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From Barnes & NobleThe Barnes & Noble Review
Writer Thomas DeBaggio, who was diagnosed with the early onset of Alzheimer's disease at age 57, describes Losing My Mind as "the story of a man surprised by his body and the sudden deterioration of his mind," but it is far more than that. In addition to being a highly original and, at times, devastatingly poignant memoir of illness, the book is nothing short of a real-time account of witnessing one's identity slip away through a pattern of increasingly serious memory lapses, ranging from misspelled words to the experience of winding up in different rooms of the house without knowing why.
DeBaggio writes, "Sometimes I go into the kitchen for a drink of water. By the time I get there I can't remember why I am there, but my body ends up at the ice machine. I stand in front of the ice machine and stare at it. From somewhere inside my head comes the message 'You are in front of the ice machine because you want a glass of water.' At other times I can't remember why I went into the room and my body and mind are no help to me. Sometime later my mind flashes a message and I remember but it is so long ago I am no longer interested."
Listeners of National Public Radio may be familiar with a series of interviews DeBaggio and members of his family did with Noah Adams aimed at increasing public awareness about Alzheimer's by illustrating the progress of his disease. The book is written in the same spirit but differs in that it weaves together three distinct narrative lines. One records the author's earliest long-term memories, beginning in childhood and continuing up through the 1970s. Another takes a more clinical view, describing the latest Alzheimer's research. Both of these are of interest, but more powerful by far is DeBaggio's own first-person narrative chronicling his attempts to manage his present condition and make sense of his daily life.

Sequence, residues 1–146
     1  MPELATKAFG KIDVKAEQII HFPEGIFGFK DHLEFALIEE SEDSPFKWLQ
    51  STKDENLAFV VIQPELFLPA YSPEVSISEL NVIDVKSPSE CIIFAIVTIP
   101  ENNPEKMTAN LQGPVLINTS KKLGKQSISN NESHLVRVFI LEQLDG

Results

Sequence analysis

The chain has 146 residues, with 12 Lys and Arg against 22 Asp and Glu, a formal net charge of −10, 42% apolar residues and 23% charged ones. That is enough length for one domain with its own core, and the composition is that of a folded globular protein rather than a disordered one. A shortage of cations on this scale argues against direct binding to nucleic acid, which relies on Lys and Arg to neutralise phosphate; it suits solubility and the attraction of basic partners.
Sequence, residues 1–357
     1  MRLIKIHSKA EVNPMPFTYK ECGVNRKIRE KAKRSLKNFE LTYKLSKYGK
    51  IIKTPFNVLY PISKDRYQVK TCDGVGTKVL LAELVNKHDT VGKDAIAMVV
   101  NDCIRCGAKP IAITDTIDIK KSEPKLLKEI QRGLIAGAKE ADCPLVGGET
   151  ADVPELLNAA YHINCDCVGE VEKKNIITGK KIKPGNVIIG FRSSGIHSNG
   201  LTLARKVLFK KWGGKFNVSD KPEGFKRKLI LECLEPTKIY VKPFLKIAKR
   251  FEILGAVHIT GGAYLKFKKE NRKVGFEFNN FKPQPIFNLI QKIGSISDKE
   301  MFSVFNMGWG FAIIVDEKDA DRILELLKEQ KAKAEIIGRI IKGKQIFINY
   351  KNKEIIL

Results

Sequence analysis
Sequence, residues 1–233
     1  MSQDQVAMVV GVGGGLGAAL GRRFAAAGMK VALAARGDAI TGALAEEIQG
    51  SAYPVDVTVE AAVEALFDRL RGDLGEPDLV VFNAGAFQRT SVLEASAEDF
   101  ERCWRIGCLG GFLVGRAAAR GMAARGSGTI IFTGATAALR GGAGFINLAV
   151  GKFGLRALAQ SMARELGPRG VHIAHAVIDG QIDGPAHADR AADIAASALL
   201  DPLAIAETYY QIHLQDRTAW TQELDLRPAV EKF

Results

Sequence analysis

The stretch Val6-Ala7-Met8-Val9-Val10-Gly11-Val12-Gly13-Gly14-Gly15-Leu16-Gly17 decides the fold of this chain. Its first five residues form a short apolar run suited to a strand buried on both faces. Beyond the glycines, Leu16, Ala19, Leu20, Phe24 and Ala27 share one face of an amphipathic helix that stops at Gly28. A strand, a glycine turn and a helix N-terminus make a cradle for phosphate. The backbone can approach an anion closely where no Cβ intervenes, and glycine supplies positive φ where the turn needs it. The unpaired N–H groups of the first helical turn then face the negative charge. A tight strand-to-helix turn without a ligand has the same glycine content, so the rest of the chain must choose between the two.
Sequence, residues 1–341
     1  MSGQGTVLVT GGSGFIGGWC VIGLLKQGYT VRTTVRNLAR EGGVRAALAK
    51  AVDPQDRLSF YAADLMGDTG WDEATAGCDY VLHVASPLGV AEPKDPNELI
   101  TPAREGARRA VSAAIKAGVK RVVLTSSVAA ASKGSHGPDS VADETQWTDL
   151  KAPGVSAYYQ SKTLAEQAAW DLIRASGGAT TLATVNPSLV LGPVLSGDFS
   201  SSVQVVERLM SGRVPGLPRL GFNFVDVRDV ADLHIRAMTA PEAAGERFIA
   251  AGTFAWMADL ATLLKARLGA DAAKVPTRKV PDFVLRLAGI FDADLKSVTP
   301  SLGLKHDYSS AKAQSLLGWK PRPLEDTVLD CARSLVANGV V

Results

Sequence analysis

It is in this voice that he writes, "One of the small pleasures of having any illness is the opportunity it provides to tell people about it." Yet in another passage he admits to being "afraid to write because watching the words come out distorted is painful and it reveals the destructive power of the disease over which I have no control." Anyone concerned about Alzheimer's will be thankful he sought out the small pleasures rather than succumbing to his fears, and will hope he continues to do so. (P. L. Jennings)